Latest posts by Jesse Hathaway (see all)
- Sanders’ ‘Stop BEZOS Act’ Boosts Government — Not Workers’ Prosperity - November 1, 2018
- There’s No Time Like the Present for Tax Reform 2.0 - September 19, 2018
- Fan Ownership, Not Stadium Welfare, Would Be Best For Sports Fans and Taxpayers - April 24, 2018
In this episode of the weekly Budget & Tax News podcast, managing editor and research fellow Jesse Hathaway talks with Mercatus Center senior research fellow Veronique de Rugy about the “Overtime Rule,” a regulation passed down by the U.S. Department of Labor revising federal overtime provisions contained in the Fair Labor Standards Act (FLSA). The new rule extends overtime pay rules to over 4 million workers, within the first year of implementation, increasing the costs of hiring and employing many individuals and hiking the costs of doing business for small businessmen all over the nation.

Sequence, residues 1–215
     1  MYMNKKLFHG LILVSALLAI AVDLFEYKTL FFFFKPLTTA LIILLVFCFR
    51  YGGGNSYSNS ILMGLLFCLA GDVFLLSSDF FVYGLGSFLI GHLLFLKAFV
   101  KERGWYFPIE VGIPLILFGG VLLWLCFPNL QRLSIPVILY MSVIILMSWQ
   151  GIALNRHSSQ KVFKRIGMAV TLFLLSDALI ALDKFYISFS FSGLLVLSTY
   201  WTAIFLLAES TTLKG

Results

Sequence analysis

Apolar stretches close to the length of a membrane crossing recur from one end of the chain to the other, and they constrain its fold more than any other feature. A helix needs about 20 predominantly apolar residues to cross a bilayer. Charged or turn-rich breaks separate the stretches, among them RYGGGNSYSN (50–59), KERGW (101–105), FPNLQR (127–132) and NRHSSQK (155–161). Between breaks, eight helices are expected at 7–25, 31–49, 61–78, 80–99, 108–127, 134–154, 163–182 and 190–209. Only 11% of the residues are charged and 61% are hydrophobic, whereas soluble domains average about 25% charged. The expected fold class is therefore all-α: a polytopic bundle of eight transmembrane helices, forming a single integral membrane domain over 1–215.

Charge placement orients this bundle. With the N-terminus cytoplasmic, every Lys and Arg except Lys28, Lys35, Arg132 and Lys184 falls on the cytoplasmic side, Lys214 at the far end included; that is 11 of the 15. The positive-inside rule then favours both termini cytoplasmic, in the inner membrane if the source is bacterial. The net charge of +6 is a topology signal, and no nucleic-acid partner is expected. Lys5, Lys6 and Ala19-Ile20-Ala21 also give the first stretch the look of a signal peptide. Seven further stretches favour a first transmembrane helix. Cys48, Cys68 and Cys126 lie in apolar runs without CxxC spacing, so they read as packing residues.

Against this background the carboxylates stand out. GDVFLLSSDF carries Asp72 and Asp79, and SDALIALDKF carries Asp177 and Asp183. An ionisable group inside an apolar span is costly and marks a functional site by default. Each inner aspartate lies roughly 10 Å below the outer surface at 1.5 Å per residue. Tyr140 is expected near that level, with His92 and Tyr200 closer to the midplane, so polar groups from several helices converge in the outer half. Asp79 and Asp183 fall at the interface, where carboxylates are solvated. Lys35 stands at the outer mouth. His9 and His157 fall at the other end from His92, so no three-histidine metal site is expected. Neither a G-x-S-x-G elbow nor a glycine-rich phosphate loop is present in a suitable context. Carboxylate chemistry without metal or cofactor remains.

De Rugy explains the rule, and explains why she thinks the federal government is likely to continue a time-honored tradition: making itself immune to the rules it passes for other people. According to de Rugy, for decades, lawmakers declared themselves immune to regulations such as the Civil Rights Act of 1964, as if they considered themselves better than the people they were elected to represent in the nation’s capital.